Suppose we’re given five points, $(0, -1), (1, 0), (2, -11), (3, 2)$ and $(4, 99)$. Since we know that we’re searching for a degree 4 polynomial, we could create $p(x) = ax^4 + bx^3 + cx^2 + dx + e$. Substituting each of the five points into $p(x)$ would give us a solvable system of 5 equations and 5 unknowns. These equations would be as follows:

$a(0)^4 + b(0)^3 + c(0)^2 + d(0) + e = -1\\a(1)^4 + b(1)^3 + c(1)^2 + d(1) + e = 0\\a(2)^4 + b(2)^3 + c(2)^2 + d(2) + e = -11\\a(3)^4 + b(3)^3 + c(3)^2 + d(3) + e = 2\\a(4)^4 + b(4)^3 + c(4)^2 + d(4) + e = 99$

However, solving this system of equations and unknowns would take quite some time. Luckily, there exists a more intuitive way to construct $p(x)$. Since there is only one such degree 4 polynomial that passes through these five points, both methods should (and do) result in the same $p(x)$.

Lagrange Interpolation

Instead of trying to create $p(x)$ at once, let’s try and create five smaller polynomials, that we can then sum to create $p(x)$. For each provided point $(x_i, y_i)$, $(x_1, y_1)$ being the first point we were given, we want to craft a sub-polynomial $p_{i}$ with the following properties:

In other words, sub-polynomial $i$ should evaluate to 1 if $x_i$ is passed in, and to 0 if any of the other four $x_j$s are passed in (we will see why this structure is important very soon). We can create such a sub-polynomial, for each $i$, as follows:

$ p_{i}(x) = \frac{\Pi_{j \neq i} (x - x_j)}{\Pi_{j \neq i} (x_i - x_j)} $

For clarity, let’s calculate $p_1(x)$ and $p_3(x)$ (corresponding to $(0, 16)$ and $(2, -2)$, respectively, as these were the first and third points given to us).

$ p_1(x) = \frac{\Pi_{j \neq 1}(x - x_j)}{\Pi_{j \neq 1}(0 - x_j)} = \frac{(x-1)(x-2)(x-3)(x-4)}{(0-1)(0-2)(0-3)(0-4)} = \frac{1}{24}(x-1)(x-2)(x-3)(x-4) $

$ p_3(x) = \frac{\Pi_{j \neq 3}(x - x_j)}{\Pi_{j \neq 3}(0 - x_j)} = \frac{(x-0)(x-1)(x-3)(x-4)}{(2-0)(2-1)(2-3)(2-4)} = \frac{1}{4}(x)(x-1)(x-3)(x-4) $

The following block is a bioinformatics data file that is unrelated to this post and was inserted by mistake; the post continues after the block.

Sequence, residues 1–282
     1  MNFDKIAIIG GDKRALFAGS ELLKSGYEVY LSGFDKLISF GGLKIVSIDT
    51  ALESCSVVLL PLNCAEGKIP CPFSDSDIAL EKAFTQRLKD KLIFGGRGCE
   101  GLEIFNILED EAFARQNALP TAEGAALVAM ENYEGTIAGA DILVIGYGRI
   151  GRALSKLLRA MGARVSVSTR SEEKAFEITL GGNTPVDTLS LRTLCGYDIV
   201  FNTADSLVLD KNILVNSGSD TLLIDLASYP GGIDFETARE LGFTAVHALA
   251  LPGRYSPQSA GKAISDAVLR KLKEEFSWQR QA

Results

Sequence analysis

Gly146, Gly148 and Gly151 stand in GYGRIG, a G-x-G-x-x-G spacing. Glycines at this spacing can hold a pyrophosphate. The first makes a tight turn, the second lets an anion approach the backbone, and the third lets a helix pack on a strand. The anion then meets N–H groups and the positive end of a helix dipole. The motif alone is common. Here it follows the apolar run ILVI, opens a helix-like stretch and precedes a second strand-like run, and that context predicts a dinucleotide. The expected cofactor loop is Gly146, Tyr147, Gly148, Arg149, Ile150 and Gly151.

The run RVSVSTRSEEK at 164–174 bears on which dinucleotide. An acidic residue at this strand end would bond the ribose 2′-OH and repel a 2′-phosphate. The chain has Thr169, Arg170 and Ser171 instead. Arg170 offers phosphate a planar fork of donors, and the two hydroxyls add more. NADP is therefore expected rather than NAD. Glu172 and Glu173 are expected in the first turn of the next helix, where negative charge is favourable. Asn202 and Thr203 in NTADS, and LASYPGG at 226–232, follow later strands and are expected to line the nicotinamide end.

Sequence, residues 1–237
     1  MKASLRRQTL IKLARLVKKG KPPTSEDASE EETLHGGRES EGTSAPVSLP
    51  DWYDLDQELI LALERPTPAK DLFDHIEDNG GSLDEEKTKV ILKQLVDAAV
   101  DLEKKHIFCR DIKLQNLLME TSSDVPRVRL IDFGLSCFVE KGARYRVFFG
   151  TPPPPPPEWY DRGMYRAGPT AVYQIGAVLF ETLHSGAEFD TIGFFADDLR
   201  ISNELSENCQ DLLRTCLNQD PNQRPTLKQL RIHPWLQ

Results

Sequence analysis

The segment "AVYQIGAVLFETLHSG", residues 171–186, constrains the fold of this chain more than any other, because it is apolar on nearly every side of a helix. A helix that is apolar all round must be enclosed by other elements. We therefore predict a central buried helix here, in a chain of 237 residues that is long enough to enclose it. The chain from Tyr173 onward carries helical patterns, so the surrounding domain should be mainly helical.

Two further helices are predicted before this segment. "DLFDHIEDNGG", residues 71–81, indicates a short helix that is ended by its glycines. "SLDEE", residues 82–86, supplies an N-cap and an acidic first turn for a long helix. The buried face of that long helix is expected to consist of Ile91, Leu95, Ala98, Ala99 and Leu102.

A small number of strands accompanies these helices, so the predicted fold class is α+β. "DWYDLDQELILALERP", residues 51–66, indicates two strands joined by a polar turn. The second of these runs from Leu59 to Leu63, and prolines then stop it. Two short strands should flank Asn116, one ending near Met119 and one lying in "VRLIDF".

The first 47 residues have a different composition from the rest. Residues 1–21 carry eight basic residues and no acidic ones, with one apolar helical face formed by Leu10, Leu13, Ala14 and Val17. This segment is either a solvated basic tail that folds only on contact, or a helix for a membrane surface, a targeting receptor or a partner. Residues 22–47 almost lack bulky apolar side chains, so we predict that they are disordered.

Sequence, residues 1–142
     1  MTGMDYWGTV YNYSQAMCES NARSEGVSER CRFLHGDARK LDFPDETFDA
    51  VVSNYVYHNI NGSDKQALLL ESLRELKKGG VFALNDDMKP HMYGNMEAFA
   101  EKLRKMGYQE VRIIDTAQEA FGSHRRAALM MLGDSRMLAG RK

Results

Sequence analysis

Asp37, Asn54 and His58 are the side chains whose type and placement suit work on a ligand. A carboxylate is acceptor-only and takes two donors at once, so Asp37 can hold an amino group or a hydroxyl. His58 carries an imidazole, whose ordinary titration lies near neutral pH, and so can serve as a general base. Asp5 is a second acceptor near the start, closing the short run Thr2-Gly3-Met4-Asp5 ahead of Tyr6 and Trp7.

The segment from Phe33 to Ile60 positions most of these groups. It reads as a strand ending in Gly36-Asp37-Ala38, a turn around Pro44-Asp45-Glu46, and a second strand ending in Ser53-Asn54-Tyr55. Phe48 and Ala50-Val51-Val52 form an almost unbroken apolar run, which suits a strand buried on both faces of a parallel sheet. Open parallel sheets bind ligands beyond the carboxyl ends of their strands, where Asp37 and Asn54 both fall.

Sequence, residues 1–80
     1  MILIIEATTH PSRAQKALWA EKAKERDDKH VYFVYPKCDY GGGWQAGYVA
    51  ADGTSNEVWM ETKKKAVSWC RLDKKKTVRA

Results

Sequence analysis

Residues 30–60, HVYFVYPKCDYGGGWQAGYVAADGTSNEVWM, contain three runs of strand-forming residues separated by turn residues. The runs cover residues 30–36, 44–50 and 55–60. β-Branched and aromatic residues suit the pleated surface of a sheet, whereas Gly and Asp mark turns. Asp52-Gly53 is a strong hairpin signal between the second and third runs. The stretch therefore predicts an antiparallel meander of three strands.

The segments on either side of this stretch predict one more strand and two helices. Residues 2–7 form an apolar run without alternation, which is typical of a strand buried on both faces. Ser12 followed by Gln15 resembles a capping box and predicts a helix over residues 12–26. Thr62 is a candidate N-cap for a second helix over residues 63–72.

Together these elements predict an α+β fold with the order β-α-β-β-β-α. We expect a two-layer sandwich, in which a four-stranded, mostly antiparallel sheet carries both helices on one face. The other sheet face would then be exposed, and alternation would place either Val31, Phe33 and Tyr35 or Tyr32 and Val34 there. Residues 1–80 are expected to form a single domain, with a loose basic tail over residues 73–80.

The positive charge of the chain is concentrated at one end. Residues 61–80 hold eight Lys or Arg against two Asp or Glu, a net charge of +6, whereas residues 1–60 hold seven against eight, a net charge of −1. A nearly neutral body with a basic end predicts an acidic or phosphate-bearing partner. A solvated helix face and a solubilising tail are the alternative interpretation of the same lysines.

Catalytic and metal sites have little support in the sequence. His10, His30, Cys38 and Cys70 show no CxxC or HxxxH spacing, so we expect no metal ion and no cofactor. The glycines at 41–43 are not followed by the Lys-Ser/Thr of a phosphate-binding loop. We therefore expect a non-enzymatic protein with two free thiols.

The second-to-last step of the above expansions best illustrate why we’ve chosen to craft our sub-polynomials in this way; if we were to evaluate $p_1(0)$, the numerator and denominator would be exactly the same. If we were to instead evaluate $p_1(1), p_1(2), p_1(3)$ or $p_1(4)$, since $x-1, x-2, x-3, x-4$ are all factors of the numerator the result would be 0.

We’re almost done. We can now say that our final polynomial $p(x)$ is constructed as follows:

$ p(x) = \sum_{i = 1}^n y_i p_i(x) $

This is where the $y$ values of each of the given points come into play. Looking at our example more closely, we have:

$ p(x) = -p_1(x) + 0p_2(x) -11p_3(x) + 2p_4(x) + 99p_5(x) $

From the way each $p_i(x)$ was constructed, $p(0) = (-1) \cdot 1 + 0 \cdot 0 + (-11) \cdot 0 + 2 \cdot 0 + 99 \cdot 0 = -1$, and so on and so forth, as we expected. Doing the arithmetic yields the original polynomial, $p(x) = x^4 - 13x^2 + 13x - 1$.

This entire process is known as Lagrange Interpolation. It is named after Lagrange, a famous French mathematician. Lagrange Interpolation is still tedious, though not nearly as tedious as the initial approach from the start of this section. You should practice this process on your own; create your own polynomial of degree $n \leq 5$, pick $n+1$ points on it, and see if you can correctly reconstruct your polynomial.

It should be noted though, that mastering the arithmetic, while important, isn’t the goal of learning this material. This material is presented so that you can add it to your mathematical toolbox.